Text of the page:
Trainspotting by Irvine Welsh named 'Scotland's favourite book'
Irvine Welsh's debut novel Trainspotting has been named as Scotland's favourite book of the past 50 years.
The cult story of drug addiction in Leith topped a poll for Book Week Scotland with one in 10 votes.
Welsh said he was flattered that the book, which celebrates its 20th anniversary this year, had even made it onto the list.
Lanark by Alasdair Gray was second, with Ian Rankin's Black and Blue third.
Responding to the poll, Welsh said: "I don't know if Trainspotting is the best Scottish book - I'm far from convinced it's my own best book.
"But I'm obviously flattered just to be on that list of great novels with those amazing writers, especially when I consider some of the brilliant books and my personal favourites that never made it onto this list."
Gray said he was "delighted and astonished" that his first novel, Lanark, had been judged more popular than a book by Rankin.
Black and Blue was Rankin's eighth Inspector Rebus tale.
The crime writer said it was an honour to be included in the top 10 with a book he regards "with great fondness".
He added: "I'm sure the results will be pored over and discussed, but what really matters is that books are still read with a passion. I feel sure this will be the case in another 50 years' time."
Two novels by Iain Banks, who died from cancer earlier this year at the age of 59, were included in the poll: The Bridge and Excession, the latter written under his science fiction name Iain M Banks.
Banks' widow Adele Hartley, whom he married shortly after announcing his terminal illness, said: "Iain was always a huge fan of his fans and I think he'd have been very flattered by their support and delighted to be in such fine company."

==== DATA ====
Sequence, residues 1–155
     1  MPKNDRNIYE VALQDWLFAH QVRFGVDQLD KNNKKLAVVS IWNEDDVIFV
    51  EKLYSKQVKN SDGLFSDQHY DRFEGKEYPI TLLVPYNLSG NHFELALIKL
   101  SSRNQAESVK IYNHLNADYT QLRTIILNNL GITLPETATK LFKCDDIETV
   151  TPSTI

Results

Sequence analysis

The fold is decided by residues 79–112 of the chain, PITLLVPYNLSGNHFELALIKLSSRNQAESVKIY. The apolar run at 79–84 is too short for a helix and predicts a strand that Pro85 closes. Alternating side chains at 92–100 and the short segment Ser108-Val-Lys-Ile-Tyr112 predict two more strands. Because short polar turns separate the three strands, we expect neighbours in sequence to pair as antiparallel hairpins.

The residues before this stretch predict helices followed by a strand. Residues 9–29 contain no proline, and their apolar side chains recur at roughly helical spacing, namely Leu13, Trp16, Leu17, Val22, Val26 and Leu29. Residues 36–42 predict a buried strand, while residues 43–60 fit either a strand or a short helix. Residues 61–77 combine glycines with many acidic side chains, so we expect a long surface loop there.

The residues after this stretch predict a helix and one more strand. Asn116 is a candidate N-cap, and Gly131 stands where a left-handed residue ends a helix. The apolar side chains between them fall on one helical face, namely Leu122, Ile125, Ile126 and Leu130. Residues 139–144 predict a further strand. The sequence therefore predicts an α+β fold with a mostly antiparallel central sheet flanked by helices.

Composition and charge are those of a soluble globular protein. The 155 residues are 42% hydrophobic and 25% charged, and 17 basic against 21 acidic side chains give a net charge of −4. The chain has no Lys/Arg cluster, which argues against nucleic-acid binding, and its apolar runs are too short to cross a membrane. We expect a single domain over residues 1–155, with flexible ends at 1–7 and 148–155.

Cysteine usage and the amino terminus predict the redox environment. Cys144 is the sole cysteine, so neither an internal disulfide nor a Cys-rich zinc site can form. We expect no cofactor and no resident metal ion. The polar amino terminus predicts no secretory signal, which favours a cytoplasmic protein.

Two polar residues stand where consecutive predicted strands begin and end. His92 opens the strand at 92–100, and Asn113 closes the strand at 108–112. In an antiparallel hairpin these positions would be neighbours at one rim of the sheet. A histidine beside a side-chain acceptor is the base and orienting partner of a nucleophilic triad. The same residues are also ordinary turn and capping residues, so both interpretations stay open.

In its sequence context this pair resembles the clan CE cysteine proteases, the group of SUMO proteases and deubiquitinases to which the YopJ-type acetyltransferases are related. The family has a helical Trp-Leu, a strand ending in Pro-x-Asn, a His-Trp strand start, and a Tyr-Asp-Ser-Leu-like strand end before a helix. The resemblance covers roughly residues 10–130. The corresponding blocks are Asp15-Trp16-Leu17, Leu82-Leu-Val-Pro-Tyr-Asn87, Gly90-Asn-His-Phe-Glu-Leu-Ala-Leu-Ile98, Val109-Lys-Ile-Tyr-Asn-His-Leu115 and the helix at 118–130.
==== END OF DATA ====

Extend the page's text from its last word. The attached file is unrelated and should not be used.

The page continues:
Book lovers from as far afield as the US, Ethiopia, Iceland and South Korea got involved in the poll, held to coincide with Scotland's week-long celebration of reading.
More than 8,800 people cast a vote for one of a shortlist of 50 titles compiled by author and literary critic Stuart Kelly and Scottish Book Trust staff.
Mr Kelly said: "Crime, comedy, science fiction, the avant-garde - the public vote has reinforced the diversity of contemporary Scottish writing."
But he noted a shortage of female authors, with Janice Galloway the only woman writer to make the list at number nine.
"My sole regret is that we have only one woman on the list - that said, The Trick is to Keep Breathing is indubitably a contemporary classic," he said.
Marc Lambert, chief executive of Scottish Book Trust, said: "This is a fascinating list combining traditional classics with modern greats, with every book an absolute gem.
"Aside from acting as a barometer of Scottish reading tastes, the list has amply fulfilled its purpose of generating an exciting debate and discussion around great Scottish novels.
"Trainspotting is undoubtedly deserving of the top spot. It remains a brilliant read and its publication was a key cultural moment in the history of the Scottish novel."